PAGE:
Overall, the key is balance. Work hard and take on complex tasks, sure, but don't forget to take it easy from time-to-time. While it seems counterintuitive, periods of hard work followed by periods of rest and recovery actually lead to higher levels of motivation.
While the arousal theory of motivation makes sense, there are many assumptions it makes. To fully understand the concept and use it to motivate yourself to the best of your ability, check out the following key assumptions made by the theory:
The major benefit of the arousal theory of motivation is that you can control your motivation simply through the experiences you seek. This is incredibly empowering. What's more, you can also motivate others if you identify their optimal level of alertness. Further, the arousal theory preaches balance, which is a great way to both remain motivated as well as take time to enjoy the simple things in life.
Conversely, the major drawback of the theory is that motivation is only tied to your arousal, and nothing else. This may or may not be true, but we've all faced situations where we're tired, stressed, and/or demotivated, and yet we still push through to achieve a task, even if it has an adverse motivational effect. So, when implementing this theory, consider other factors of motivation when you're planning to achieve your goals.
The Yerkes-Dodson law says that increased levels of mental alertness will improve motivation and performance only to a certain point. When that threshold is breached, arousal has an adverse effect in that it decreases performance and therefore motivation. This means that you have a specific level of optimal arousal unique to yourself, and it's up to you to seek experiences that optimize your motivation and performance.
A great example of this is test-taking. When prepping for an exam, you have an optimal level of arousal that will lead to increased motivation, and therefore, performance. For example, increased arousal (or mental alertness) can help you study and keeps you attentive to the task at hand. That said, too much mental arousal can lead to stress and a lack of sleep, which will cause you to have poor test results.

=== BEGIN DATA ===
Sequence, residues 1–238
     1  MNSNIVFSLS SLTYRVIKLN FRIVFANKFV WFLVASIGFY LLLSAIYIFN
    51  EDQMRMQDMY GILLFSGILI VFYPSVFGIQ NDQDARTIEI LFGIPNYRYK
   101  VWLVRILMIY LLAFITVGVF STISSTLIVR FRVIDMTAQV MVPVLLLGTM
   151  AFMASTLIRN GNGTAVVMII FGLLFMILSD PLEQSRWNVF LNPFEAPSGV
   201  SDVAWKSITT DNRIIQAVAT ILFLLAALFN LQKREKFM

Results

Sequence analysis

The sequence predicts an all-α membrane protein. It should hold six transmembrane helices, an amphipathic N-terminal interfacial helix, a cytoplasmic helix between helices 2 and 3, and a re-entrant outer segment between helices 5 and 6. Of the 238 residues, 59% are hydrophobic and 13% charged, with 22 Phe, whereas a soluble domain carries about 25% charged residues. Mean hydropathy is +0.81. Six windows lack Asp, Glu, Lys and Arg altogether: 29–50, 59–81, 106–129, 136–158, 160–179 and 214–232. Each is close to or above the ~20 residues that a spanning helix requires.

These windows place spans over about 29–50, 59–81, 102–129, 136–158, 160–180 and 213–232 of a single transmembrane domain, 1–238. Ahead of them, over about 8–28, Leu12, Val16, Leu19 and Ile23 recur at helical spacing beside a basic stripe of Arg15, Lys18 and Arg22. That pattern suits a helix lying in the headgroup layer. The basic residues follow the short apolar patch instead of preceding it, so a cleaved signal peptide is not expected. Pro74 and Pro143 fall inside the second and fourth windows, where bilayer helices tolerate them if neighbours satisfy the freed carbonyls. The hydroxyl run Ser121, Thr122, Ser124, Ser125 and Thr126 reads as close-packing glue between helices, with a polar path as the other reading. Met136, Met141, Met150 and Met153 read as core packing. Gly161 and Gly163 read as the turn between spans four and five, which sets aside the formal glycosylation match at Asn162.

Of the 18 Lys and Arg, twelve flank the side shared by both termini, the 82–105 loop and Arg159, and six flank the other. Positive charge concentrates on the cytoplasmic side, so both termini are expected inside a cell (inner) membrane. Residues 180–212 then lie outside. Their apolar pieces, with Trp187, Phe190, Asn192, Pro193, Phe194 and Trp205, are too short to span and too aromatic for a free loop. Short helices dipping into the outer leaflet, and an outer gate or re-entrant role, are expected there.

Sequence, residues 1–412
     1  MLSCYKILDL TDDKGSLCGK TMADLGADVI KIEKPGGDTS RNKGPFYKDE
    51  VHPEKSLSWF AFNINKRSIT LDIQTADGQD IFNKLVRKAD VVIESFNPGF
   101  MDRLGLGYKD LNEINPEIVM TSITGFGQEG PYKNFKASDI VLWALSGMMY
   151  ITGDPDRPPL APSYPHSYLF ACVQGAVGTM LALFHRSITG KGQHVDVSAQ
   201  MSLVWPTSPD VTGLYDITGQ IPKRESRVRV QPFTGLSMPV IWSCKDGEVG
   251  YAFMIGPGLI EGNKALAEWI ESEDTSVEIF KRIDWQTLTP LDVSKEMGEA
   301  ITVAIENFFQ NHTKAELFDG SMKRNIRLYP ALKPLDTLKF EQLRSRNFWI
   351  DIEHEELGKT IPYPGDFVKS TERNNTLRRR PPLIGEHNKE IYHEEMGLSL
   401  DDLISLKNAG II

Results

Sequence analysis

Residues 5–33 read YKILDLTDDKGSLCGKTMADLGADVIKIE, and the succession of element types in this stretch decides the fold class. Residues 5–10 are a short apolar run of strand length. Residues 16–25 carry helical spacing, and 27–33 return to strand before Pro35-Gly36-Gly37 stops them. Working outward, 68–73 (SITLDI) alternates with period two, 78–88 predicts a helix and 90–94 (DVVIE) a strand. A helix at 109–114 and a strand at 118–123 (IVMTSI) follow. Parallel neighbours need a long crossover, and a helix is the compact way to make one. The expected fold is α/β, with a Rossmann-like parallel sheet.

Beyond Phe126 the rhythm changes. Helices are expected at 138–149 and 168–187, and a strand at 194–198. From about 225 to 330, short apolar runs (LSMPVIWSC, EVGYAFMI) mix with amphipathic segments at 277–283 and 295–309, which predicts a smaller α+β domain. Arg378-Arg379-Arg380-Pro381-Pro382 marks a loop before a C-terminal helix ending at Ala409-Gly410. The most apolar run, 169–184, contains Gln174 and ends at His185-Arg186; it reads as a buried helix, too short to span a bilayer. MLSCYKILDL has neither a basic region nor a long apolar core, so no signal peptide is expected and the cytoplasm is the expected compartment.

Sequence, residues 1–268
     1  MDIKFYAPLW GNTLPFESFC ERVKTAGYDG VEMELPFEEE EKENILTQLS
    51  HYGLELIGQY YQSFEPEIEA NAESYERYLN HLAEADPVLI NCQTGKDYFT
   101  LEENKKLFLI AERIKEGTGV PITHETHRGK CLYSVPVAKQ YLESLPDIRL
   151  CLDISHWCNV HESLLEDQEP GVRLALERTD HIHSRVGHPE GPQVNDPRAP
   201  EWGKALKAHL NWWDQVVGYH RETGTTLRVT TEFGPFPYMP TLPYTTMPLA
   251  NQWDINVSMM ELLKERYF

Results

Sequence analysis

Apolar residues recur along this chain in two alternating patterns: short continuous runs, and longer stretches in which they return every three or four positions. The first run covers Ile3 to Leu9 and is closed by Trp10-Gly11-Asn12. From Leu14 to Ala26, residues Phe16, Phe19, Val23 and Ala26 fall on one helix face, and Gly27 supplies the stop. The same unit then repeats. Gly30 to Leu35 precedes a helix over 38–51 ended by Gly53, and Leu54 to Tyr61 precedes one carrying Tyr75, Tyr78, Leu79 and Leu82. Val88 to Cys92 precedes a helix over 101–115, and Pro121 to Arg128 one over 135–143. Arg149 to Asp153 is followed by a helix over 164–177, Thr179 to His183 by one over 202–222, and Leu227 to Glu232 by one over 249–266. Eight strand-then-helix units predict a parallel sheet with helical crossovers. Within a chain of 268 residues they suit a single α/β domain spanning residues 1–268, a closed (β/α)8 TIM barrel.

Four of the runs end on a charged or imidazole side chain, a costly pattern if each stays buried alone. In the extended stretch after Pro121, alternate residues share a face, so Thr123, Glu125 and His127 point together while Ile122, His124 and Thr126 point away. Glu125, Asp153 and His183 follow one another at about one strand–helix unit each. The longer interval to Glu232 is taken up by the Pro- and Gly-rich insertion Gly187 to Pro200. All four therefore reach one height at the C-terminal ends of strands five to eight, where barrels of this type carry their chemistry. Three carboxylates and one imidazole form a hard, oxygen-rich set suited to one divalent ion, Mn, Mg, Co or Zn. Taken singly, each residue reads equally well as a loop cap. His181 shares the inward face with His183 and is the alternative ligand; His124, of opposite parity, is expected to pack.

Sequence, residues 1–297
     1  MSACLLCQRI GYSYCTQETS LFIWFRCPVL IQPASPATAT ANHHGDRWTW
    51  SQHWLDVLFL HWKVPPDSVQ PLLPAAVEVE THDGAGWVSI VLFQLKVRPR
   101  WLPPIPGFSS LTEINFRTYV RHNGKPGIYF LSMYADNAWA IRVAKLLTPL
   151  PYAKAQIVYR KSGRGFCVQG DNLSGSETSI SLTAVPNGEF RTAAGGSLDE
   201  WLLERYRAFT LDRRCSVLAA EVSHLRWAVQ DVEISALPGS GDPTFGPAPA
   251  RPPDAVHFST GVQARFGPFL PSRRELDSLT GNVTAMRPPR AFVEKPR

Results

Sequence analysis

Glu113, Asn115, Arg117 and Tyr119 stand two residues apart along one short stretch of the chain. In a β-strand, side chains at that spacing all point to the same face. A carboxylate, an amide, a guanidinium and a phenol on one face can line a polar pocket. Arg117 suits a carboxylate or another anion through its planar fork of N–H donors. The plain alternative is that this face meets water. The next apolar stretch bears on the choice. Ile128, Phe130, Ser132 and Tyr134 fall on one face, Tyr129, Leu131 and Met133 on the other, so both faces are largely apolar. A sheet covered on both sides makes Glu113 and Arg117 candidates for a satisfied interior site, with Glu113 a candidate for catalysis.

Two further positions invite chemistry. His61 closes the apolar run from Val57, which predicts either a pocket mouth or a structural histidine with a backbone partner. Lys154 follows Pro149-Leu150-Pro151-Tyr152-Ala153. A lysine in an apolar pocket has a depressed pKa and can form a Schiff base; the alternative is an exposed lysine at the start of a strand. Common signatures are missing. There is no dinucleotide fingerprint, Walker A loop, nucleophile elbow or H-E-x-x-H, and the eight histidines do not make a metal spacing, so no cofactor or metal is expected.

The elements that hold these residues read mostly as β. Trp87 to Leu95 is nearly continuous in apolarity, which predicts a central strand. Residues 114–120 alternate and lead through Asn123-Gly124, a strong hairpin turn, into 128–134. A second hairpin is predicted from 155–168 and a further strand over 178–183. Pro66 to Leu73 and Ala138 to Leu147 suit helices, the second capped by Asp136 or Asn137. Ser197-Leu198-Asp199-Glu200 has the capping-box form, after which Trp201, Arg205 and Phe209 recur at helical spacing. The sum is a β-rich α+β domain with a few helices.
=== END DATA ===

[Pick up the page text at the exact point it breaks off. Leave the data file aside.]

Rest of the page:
The assumption that the Yerkes-Dodson law makes is that moderate levels of arousal are optimal for most people and that we're motivated by actions that achieve our specific arousal level. If arousal is too low, people are motivated to do more, and if arousal is too high, people are motivated to do less. The key is finding that optimum balance we've been discussing, and staying within your personal arousal limits to maximize motivation without becoming burnt out.
Arousal in psychology means u0022mental alertnessu0022 or u0022mental attentivenessu0022. It is your level of engagement in the task or experience at hand, which directly increases or decreases your motivation, and therefore, your performance. People are often motivated to take actions that help them achieve optimal mental arousal.
A great example of arousal theory is test taking. Naturally, you would think that higher levels of mental stimulation would lead to higher motivation and better performance. However, this is not the case, because too much arousal can lead to stress and a lack of performance. Therefore, you need to find the optimal balance and act accordingly.
There are many other motivational theories that drive people to succeed. Some of these specific theories of motivation include the u003ca rel=u0022noreferrer noopeneru0022 href=u0022https://evantarver.com/expectancy-theory-of-motivation/u0022 target=u0022_blanku0022u003eexpectancy theory of motivationu003c/au003e and the u003ca rel=u0022noreferrer noopeneru0022 href=u0022https://evantarver.com/equity-theory-of-motivation/u0022 target=u0022_blanku0022u003eequity theory of motivationu003c/au003e. Understanding more of these theories can help you create a composite approach to your own motivation, using what works best for you.
Overall, your motivation is all about the balance between high levels of stimulation and periods of rest and recovery. If done correctly, you can cultivate a series of experiences that achieve your optimal level of mental alertness, and therefore your optimal level of motivation. Overall, the more motivated you are the better you'll perform.